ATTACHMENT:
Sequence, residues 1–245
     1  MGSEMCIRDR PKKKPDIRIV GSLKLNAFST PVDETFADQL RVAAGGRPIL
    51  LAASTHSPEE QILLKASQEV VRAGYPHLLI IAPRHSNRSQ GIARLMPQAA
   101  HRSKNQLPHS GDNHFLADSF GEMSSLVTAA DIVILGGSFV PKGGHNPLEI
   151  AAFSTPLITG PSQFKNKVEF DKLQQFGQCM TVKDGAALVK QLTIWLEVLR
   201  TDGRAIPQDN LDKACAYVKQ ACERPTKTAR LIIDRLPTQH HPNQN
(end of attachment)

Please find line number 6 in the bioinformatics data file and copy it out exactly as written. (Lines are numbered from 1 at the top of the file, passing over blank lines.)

   201  TDGRAIPQDN LDKACAYVKQ ACERPTKTAR LIIDRLPTQH HPNQN